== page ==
Death In Shangri-La: international action

Shangri LaA wayward son, a special agent seeking redemption, the terrorist threat, an arms deal gone wrong – these are the average elements of any old crime-thriller. In ‘Death In Shangri-La’ they’re given energetic impetus against an exquisite international backdrop of exotic locations. Simultaneously, the author incorporates some serious metaphysical heft, introducing themes and personalities from multiples faiths. Yet the story is foremost, and it propels the reader through the pages at an impressive pace.

Author Yigal Zur certainly has an eye for authentic detail which instantly transports you to Delhi’s ramshackle backstreets. You feel utterly familiar with the disputed landscape of Kashmir – and Zur delivers a scarily convincing enactment of a full-scale terrorist attack, in which teenage tourists are targeted by ruthless jihadi extremists. ‘Death In Shangri-La’ also serves as an introduction to an intriguing central character, Israeli Dotan Naor.

Dotan is an unusual protagonist. Sure, he’s ex-special forces / intelligence agency, and, sure, he has a reputation for being lethal at close quarters. But he’s left a life of violence behind him and works instead to rescue Israeli kids who’ve gone off the rails. When legal means won’t quite work, Dotan is the guy you call to extract a gap-year miscreant from a sticky situation.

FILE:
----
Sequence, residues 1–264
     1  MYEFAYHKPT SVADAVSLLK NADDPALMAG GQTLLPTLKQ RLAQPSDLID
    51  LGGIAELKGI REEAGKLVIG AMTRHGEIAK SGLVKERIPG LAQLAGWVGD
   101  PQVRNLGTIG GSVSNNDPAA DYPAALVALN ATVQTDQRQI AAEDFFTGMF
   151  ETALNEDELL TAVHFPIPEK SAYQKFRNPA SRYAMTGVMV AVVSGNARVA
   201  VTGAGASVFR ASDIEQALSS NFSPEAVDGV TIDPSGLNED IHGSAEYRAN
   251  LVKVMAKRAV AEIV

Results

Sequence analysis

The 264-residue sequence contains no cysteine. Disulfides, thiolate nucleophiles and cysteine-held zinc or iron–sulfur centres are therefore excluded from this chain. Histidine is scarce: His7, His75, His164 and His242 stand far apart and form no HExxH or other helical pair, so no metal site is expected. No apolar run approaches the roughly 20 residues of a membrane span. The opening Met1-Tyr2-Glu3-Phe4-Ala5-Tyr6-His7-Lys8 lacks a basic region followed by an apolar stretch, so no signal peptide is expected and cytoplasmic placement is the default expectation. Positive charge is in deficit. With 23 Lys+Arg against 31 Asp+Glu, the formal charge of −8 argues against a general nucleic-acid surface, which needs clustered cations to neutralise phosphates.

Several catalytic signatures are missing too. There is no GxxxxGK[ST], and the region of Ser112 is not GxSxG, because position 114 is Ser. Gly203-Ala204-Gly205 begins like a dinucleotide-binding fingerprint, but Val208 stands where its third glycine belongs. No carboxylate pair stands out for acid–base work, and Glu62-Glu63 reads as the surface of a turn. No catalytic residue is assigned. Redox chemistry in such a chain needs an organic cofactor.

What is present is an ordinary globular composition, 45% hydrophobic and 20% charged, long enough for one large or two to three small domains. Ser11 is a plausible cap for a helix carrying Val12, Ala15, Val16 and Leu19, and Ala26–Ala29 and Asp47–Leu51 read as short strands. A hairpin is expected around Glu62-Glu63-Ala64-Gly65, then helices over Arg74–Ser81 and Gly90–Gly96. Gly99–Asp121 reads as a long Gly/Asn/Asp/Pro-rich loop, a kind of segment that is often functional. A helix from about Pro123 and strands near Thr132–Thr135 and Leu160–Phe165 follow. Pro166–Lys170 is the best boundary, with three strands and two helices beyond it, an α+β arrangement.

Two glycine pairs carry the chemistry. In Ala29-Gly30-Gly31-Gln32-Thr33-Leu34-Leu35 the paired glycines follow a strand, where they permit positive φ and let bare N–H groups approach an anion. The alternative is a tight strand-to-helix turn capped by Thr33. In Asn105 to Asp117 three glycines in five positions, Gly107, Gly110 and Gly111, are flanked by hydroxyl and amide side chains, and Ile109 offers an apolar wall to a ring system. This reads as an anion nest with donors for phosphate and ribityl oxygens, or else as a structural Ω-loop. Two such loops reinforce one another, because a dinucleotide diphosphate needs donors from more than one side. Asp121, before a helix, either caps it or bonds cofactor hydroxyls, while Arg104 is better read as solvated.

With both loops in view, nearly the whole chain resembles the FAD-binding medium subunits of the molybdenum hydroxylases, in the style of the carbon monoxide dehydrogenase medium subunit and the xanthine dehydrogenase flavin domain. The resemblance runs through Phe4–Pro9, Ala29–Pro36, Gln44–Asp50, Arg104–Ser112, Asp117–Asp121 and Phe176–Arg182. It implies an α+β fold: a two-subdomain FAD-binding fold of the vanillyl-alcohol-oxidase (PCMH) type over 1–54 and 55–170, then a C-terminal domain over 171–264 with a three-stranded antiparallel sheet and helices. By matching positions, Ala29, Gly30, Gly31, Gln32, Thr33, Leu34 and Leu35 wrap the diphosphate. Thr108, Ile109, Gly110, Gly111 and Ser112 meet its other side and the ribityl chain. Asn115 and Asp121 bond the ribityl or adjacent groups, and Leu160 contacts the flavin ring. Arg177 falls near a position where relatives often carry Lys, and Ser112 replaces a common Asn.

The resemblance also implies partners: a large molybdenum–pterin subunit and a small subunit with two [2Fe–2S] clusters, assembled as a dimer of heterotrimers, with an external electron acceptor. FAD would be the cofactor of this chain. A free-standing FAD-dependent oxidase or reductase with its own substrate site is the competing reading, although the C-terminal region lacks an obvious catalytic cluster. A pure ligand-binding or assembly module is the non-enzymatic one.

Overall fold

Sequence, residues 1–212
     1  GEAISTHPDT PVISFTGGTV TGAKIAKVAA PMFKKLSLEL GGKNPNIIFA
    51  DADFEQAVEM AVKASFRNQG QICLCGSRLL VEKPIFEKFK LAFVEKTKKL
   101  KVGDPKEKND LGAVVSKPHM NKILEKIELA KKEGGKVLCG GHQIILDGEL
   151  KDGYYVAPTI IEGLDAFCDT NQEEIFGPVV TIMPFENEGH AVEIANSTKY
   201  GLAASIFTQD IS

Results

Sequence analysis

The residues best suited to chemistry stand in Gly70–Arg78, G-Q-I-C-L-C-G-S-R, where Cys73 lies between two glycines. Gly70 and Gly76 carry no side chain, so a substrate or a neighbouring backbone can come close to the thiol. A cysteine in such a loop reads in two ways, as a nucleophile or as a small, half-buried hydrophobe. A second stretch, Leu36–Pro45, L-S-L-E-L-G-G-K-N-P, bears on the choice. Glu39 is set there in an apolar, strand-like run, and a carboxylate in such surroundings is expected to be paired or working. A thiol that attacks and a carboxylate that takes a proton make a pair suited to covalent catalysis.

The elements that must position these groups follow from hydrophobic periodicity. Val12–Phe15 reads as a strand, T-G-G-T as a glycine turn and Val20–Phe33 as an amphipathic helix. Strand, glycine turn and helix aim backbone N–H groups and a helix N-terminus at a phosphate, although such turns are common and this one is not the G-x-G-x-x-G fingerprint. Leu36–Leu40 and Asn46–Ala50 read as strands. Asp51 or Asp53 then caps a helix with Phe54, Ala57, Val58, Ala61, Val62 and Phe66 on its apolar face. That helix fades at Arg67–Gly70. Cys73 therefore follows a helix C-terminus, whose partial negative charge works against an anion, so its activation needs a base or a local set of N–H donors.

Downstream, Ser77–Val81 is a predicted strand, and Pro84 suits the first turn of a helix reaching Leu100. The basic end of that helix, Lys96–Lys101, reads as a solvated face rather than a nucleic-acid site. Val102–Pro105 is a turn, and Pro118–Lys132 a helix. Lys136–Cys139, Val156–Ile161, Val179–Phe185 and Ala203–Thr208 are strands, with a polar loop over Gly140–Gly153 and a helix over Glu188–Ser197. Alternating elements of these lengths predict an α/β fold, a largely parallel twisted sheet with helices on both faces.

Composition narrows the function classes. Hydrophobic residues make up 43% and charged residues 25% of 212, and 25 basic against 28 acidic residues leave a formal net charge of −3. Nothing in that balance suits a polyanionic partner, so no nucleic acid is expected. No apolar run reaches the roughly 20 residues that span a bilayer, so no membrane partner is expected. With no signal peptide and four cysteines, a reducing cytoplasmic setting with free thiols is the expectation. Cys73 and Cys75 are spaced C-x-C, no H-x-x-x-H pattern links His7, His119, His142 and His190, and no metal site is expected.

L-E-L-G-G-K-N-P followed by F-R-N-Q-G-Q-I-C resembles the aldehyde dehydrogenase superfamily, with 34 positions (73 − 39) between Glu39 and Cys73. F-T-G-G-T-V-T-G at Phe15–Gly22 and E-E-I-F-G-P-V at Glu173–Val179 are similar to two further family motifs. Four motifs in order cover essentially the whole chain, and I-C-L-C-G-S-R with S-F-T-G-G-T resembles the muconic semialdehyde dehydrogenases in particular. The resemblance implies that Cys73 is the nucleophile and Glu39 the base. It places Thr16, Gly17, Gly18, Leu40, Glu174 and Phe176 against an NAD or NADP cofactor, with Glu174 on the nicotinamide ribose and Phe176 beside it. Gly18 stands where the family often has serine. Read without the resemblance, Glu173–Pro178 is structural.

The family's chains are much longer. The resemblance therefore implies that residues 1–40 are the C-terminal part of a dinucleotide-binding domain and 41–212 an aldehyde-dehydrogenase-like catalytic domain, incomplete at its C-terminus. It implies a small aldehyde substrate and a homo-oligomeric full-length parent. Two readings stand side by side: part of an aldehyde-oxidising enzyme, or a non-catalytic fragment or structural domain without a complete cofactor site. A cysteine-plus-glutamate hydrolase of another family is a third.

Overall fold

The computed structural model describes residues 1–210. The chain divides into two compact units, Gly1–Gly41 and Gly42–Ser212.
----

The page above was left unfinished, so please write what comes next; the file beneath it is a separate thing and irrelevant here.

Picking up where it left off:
He’s well-versed in all manner of Eastern theology, choosing a path of spirituality which isn’t necessarily anything to do with organised religion. Dotan’s insights come from meditation and genuine mindfulness; he’s seeking redemption by doing the right thing, not by following externally imposed imperatives – be they international law or religious doctrine.

So Dotan is a man of his own morality, who respects the beliefs of other people. He stands out from other covert operatives by using his mind to solve problems, and only resorting to violence when it becomes entirely necessary. Most of the book runs on high-wire tension, not dumb-ass fist fights.

Which makes Dotan’s attitude towards women really weird. It’s traditional for international men of mystery to be killer Casanovas, but most authors tend to downplay the womanising these days. That’s not the case with Dotan, who pretty much reduces every female he meets to a set of mammary glands. This attitude feels completely at odds with his otherwise enlightened life philosophy, and it wore pretty thin with me. I was more irritated by Dotan’s outdated attitude to women than I would have been by graphic scenes of explicit sexuality.

Even Maya the Mossad agent is little more than a romantic love-interest. As with every other female in the book she’s improbably beautiful. Unlike most Mossad operatives, however, she has to stop for a little hizzy fit after engaging the enemy, and all but swoons into Dotan’s protective embrace when he ripples his intellect. It’s all a bit 1950s.

That aside, ‘Death In Shangri-La’ is both exotic and engaging; an action-thriller from an entirely new perspective which contains enlightening insights within its carefully-choreographed plot. The English translation is clean and accessible, and it makes the most of the author’s snappy dialogue and sharp turn of phrase.

Reviewed by Rowena Hoseason
‘Death In Shangri-La’ by Yigal Zur is available at Amazon


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